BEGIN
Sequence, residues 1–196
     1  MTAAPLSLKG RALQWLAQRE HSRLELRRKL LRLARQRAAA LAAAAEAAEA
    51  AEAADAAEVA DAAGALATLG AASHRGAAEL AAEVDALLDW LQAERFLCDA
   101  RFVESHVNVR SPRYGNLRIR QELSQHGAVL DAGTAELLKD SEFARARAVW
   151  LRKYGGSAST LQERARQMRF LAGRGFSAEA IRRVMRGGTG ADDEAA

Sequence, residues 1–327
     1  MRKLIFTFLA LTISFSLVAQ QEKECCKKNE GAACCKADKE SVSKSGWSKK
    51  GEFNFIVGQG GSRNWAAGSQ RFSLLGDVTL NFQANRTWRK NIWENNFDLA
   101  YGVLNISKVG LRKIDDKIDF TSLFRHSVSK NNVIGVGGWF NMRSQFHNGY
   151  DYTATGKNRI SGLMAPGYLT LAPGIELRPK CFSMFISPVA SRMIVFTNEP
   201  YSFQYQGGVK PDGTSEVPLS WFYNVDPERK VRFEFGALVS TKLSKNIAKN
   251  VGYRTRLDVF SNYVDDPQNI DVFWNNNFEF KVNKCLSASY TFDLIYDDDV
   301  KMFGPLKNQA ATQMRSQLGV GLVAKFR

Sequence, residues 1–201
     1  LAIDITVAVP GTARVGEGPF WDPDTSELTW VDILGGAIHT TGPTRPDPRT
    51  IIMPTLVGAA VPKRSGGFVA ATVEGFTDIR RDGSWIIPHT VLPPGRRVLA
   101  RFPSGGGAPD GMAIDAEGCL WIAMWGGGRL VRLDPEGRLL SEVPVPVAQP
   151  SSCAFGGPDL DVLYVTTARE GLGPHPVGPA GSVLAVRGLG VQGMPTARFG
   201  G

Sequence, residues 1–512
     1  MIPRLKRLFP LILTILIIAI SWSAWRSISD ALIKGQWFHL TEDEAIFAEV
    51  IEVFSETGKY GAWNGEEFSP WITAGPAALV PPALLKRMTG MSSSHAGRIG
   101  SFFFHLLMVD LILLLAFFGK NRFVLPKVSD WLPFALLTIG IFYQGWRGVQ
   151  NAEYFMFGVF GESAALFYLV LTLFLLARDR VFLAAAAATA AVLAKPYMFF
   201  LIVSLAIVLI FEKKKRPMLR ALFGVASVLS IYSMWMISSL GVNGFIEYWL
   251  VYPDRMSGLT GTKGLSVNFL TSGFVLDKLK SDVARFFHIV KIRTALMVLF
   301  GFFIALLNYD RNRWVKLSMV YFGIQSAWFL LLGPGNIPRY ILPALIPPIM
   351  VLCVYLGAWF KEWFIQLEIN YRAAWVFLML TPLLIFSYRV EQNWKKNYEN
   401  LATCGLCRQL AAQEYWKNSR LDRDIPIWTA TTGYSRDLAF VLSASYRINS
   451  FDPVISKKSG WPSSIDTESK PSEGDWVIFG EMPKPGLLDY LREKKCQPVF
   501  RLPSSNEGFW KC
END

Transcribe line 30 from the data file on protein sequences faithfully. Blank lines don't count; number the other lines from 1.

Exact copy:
   451  FDPVISKKSG WPSSIDTESK PSEGDWVIFG EMPKPGLLDY LREKKCQPVF